The three concocted a cover story that quickly unraveled when smoking gun emails revealed the truth.
One of the three pleaded guilty to fraud and conspiracy. He then became witness against the other two; Bridget Anne Kelly, an aide to Governor Christie, and William Baroni, who worked for the Port Authority that oversees bridges and tunnels in the area.
EICHER: A jury convicted Kelly and Baroni on all counts, including federal property fraud.
Most of those were upheld on appeal. They then appealed to the U.S. Supreme Court.
Kelly’s lawyer, Jacob Roth, argued his client’s conviction for property fraud makes no sense. She got no personal benefit from shutting down traffic lanes.
ROTH: This theory turns the integrity of every official action at every level of government into a potential federal fraud investigation.
REICHARD: Roth argued the government is casting too broad a net over all kinds of behavior to nab them under federal laws that just don’t fit the crime.
ROTH: I’m not trying to suggest that this is okay. We don’t want public officials acting for personal reasons. We don’t want them acting necessarily for partisan or political reasons. But what I’m saying is the remedy for that is not the federal property fraud statutes.
The three officials either got fired or gave in to pressure to resign. And other remedies for elected officials doing similar things includes simply, as the saying goes, throw the bums out of office.
Besides, trying to divine someone’s motives is fraught. Roth thought of the police chief who says a crime wave is on the way, so he needs more officers. But his true motivation is to curry favor with the police union.
Unsavory maybe, but not property fraud.
Baroni’s lawyer warned that contorting federal property fraud law like this is just plain dangerous in these hyper-partisan times.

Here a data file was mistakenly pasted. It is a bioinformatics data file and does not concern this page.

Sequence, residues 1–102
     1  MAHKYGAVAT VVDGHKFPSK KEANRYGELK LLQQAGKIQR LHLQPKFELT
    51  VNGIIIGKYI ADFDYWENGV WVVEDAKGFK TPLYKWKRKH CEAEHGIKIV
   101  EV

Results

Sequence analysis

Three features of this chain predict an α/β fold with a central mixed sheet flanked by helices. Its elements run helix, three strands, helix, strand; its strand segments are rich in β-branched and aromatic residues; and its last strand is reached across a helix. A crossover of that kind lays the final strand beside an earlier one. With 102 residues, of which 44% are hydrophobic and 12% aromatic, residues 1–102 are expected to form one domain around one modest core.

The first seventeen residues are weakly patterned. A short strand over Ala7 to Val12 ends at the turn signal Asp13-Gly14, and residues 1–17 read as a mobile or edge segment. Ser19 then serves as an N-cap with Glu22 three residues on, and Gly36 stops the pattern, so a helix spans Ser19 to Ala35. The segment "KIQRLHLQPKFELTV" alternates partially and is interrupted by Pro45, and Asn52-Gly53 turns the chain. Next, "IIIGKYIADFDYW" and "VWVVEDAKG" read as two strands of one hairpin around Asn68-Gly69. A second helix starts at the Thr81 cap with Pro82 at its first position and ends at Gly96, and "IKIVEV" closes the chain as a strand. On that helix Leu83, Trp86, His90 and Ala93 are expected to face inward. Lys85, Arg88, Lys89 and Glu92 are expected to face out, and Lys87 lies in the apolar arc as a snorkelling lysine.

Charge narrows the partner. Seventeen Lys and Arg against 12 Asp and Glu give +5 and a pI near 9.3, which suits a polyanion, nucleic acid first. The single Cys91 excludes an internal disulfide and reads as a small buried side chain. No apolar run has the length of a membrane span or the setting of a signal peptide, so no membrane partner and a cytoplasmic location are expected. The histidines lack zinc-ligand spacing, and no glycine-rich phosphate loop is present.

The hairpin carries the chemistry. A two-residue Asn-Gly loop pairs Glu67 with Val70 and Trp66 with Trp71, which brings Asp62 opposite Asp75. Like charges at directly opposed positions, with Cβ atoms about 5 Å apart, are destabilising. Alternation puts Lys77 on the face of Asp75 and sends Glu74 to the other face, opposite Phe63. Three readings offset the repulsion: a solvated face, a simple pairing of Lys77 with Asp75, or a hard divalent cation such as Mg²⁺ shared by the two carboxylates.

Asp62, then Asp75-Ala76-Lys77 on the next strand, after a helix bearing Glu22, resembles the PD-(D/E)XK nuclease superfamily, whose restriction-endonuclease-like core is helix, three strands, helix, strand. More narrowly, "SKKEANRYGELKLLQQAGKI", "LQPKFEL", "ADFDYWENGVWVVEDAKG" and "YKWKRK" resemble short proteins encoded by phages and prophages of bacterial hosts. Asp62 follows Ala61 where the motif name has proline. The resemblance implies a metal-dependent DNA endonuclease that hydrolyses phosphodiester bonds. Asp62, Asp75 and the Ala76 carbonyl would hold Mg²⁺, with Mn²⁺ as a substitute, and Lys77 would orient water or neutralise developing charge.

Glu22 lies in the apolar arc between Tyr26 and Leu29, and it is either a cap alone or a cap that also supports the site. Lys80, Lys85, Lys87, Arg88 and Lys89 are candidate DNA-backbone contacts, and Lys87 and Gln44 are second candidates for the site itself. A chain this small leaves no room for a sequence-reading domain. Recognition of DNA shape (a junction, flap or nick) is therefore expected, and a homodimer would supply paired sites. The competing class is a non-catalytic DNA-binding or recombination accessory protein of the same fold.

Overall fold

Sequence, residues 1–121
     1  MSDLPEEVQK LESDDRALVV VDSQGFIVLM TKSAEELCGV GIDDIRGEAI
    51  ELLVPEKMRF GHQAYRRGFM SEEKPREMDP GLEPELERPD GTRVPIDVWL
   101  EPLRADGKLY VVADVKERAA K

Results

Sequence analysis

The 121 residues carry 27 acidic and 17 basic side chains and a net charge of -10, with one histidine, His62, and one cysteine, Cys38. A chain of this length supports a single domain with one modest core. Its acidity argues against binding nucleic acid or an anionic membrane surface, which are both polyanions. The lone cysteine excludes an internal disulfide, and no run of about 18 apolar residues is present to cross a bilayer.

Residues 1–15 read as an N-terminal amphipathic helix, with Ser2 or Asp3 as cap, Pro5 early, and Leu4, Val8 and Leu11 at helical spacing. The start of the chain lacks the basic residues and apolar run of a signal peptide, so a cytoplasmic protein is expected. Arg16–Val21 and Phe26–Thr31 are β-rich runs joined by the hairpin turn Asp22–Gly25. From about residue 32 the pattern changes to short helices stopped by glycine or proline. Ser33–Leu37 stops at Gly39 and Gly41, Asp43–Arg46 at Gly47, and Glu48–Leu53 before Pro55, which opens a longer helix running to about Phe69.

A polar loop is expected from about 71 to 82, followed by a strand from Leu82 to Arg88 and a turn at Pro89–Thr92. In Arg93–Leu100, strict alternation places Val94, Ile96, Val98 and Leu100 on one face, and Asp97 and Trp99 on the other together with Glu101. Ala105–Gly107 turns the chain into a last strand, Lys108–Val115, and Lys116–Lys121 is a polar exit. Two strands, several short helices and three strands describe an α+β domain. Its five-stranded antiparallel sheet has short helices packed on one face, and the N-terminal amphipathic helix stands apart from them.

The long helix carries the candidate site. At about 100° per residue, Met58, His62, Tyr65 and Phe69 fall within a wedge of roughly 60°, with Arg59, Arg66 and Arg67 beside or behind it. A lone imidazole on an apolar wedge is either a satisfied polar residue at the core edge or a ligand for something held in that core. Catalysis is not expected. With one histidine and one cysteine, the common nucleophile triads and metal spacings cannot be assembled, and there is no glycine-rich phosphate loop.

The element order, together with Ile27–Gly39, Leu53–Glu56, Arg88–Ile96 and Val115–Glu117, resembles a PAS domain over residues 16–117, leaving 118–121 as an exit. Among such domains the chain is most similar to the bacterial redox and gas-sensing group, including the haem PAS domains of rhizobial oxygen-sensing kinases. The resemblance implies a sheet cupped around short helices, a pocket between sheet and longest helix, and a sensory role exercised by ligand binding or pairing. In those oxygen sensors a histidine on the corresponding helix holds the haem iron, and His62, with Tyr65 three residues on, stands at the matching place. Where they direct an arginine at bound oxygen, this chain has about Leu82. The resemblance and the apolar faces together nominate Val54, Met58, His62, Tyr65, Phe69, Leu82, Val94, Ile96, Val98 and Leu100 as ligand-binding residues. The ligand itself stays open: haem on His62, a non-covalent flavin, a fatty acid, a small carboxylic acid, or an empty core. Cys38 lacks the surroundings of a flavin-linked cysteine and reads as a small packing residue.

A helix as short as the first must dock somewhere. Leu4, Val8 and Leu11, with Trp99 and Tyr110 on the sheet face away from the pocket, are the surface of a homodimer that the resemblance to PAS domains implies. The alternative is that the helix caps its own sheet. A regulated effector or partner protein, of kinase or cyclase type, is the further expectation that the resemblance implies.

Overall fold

But the lawyer for the government, Eric Feigin, argued the lane closure scheme does fit within federal property fraud. Commandeering lanes, allocating workers to install traffic cones, hiring another toll booth operator—that’s money. And money is property. Connect those dots.
But Justice Stephen Breyer saw the potential for abuse in that theory.
BREYER: My goodness, the Code of Federal Regulations, the rules of any department, the—I mean, the government is filled with rules. And there are numerous instances where a person might say something untrue about something related to a rule that gives him authority for that.
Echoing the “this is too broad a net” argument of the petitioners.
And Justice Elena Kagan also seemed to think the law under which they were convicted didn’t fit the crimes.
KAGAN: The statute clearly says that a scheme—the object of it, has to be to obtain property… If I look at this and I’m an ordinary juror, you know, I’m thinking the object of this deception was not to obtain property. The object was to create a traffic jam. The object was to benefit people politically.
The Supreme Court has looked for ways to rein in the power of federal prosecutors in recent years. Prosecutors have wide discretion in whom to charge and with what provision of law. It’s the difference between justice and injustice. One judge called the overzealous prosecutions problem is of “epidemic proportions.”
My guess is the court will find in favor of the petitioners, Kelly and Baroni, but write the opinion carefully so as not to put the court’s imprimatur on political shenanigans.
This next case is about patents and time limits. I’ll keep it short because it’s pretty technical. The question is whether the courts should review disputes over the timeliness of patent matters. That’s primarily the job of the Patent Trial and Appeal Board to decide.
Justice Ruth Bader Ginsburg seemed reluctant:
GINSBURG: There’s something unseemly about nullifying the determination on the merits.
But Justice Neil Gorsuch underscored the importance of a day in court, even in technical matters.
GORSUCH: You agree with the government in the last case that it’s based on separation of powers and it is designed to ensure people that they’re not subject to whimsical executive decisions?
CHARNES: Well, in—in general terms, yes.
This case may be technical, but the decision could limit what matters the federal circuit courts can review. So it’s still important.